• How to use "the ...est of the ..."?

    I'm studying English and heard a sentence, "It'd be the lamest of the lame."

    How do you use "the ...est of the..."?  Is this phrase applied to all adjectives?

    >>"The man is the craziest of the crazy."

    >>"The girl is the cutest of the cute."

    Do these sentences make sense?

    I also want to know if you can use this phrase with "the most...", like

    >>"The lady is the most beautiful of the beautiful."

    Is this OK?

    Thank you in advance.

    3 AnswersLanguages3 months ago
  • Knowledge of computer? a computer? computers? the computer?

    I'm studying English and want to ask about grammar.

    When you want to mention a man who's a computer expert, which sentence would be the best?

    A) He has a great knowledge of computer.

    B) He has a great knowledge of a computer.

    C) He has a great knowledge of computers.

    D) He has a great knowledge of the computer.

    E) He has a great knowledge of the computers.

    I want to know how to say when I want to mention "computer" as a concept, not a real thing.

    Thank you in advance.

    1 AnswerLanguages3 months ago
  • Having lived in NY 10 years?  for 10 years?

    "I have lived in NY 10 years."

    "I have lived in NY for 10 years."

    I am studying English and learnt at school that you use "for" in front of a span of time when you use the present perfect tense.  I, however, have seen some sentences without "for".  I've been wondering whether a sentence without "for" is grammatically correct or it's an expression used only in conversation and cannot be used in exams and theses.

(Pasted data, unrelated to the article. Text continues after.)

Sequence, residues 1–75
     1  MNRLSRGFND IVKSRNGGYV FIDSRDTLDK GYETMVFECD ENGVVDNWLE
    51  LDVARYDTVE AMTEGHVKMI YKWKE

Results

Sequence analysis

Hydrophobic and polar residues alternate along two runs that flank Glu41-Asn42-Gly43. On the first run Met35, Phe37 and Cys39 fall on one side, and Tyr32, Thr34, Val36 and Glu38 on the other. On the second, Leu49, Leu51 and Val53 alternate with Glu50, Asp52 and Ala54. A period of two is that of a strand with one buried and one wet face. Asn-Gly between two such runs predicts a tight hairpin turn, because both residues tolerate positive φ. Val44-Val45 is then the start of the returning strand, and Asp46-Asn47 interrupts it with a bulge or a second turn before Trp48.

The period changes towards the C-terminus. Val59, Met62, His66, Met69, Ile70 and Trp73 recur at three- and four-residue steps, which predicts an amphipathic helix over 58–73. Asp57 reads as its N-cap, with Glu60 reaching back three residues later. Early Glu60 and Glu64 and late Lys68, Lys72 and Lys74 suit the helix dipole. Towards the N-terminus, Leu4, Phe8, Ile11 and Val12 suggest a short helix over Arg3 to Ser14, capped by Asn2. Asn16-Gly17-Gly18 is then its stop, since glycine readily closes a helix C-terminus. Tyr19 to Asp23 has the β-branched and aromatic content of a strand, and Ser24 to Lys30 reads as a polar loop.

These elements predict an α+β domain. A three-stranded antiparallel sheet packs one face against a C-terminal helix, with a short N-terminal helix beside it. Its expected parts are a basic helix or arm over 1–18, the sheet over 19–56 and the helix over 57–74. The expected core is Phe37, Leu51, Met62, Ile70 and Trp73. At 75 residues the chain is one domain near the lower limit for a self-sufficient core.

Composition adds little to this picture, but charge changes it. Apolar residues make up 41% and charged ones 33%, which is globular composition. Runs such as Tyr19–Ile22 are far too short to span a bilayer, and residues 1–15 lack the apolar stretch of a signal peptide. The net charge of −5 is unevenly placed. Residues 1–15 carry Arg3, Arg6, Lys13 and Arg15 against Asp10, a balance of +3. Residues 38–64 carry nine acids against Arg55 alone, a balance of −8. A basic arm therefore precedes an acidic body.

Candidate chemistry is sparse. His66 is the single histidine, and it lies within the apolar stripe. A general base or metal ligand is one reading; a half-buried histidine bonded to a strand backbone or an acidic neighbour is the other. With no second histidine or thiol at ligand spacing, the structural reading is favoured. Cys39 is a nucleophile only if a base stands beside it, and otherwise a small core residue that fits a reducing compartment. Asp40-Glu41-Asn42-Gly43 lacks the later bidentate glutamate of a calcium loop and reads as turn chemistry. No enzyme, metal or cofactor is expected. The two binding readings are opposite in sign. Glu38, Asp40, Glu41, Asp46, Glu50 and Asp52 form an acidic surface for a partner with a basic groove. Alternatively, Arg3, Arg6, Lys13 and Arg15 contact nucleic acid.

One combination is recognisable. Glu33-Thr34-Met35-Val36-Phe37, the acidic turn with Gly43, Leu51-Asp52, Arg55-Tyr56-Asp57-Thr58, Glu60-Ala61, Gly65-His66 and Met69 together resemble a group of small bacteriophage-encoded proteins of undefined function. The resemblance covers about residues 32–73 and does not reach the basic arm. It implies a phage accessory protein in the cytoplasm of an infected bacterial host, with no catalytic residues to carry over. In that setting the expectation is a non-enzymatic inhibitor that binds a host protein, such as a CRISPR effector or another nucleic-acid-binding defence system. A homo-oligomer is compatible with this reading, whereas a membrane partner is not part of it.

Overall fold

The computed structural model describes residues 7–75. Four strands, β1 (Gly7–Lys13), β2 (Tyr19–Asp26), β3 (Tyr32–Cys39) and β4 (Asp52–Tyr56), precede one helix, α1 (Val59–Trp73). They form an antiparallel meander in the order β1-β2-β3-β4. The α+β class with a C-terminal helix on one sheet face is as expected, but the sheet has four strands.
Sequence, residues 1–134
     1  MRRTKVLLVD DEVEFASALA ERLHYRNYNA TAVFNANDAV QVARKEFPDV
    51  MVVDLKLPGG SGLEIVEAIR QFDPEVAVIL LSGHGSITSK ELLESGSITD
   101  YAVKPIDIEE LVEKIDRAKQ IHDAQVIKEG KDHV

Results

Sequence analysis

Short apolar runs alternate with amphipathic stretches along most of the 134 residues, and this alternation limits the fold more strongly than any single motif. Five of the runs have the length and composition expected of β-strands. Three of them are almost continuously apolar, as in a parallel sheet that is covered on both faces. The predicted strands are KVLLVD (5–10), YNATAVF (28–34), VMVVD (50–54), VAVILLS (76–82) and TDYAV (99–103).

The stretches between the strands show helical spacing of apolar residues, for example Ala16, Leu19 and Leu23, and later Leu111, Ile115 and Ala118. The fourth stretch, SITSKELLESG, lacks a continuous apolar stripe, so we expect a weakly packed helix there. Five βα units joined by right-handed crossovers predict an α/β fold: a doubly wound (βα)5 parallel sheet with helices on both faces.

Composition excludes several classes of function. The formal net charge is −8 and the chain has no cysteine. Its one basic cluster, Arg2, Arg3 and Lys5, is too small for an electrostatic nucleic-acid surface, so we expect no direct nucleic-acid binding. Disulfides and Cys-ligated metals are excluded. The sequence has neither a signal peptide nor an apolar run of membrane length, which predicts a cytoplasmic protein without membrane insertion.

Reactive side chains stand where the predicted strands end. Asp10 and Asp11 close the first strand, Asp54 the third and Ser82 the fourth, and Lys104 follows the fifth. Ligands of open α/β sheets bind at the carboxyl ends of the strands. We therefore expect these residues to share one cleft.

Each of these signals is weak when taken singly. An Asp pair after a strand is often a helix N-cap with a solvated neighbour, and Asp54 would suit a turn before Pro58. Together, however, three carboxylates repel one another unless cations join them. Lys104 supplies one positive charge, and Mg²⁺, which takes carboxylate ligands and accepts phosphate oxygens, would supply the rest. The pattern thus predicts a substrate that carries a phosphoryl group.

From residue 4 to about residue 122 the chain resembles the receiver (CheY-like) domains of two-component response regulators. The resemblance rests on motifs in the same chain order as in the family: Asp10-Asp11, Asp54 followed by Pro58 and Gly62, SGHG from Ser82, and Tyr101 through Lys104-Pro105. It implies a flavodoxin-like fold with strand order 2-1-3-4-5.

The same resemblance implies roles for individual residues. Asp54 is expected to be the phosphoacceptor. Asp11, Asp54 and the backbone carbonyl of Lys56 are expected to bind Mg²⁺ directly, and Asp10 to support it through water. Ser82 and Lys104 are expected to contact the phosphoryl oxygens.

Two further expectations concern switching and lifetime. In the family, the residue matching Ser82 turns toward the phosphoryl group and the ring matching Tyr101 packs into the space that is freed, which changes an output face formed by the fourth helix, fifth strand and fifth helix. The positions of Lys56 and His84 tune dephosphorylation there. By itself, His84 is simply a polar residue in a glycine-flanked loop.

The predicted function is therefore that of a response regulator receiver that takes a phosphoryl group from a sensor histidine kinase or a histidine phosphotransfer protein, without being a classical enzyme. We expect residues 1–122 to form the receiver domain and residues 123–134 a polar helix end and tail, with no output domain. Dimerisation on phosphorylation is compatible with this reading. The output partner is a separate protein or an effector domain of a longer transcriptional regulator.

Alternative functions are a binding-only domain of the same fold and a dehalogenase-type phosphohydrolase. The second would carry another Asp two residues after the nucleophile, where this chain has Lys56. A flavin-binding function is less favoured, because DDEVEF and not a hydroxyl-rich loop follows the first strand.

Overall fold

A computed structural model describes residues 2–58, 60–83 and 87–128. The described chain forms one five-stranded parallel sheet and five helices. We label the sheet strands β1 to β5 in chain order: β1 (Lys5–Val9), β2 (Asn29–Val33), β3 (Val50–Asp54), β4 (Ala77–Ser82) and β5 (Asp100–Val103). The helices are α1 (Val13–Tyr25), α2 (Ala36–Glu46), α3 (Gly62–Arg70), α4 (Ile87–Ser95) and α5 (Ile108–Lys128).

Thank you in advance.

    2 AnswersWords & Wordplay3 months ago
  • increase by 15%?  increase 15%?

    "The population in the country increased by 15% over the last decade."

    "The population in the country increased 15% over the last decade."

    Are they both fine?

    3 AnswersLanguages3 months ago
  • Please check my English.?

    I'm studying English.  Please check if there's any mistake in the sentence below.  If any, please show how I should change it.

    "We use language as a tool to express things in our own way, just like we use scissors to cut paper into whatever shape we like."

    Thank you in advance.

    7 AnswersLanguages5 months ago
  • Do you say "What time is it now?" Is it natural English or not?

    I'm a foreign student studying English.

    I learned that you say "What time is it now?" when you want to know the time.

    But another book says that this expression sounds weird to native speakers and that they say "Do you have the time?" instead.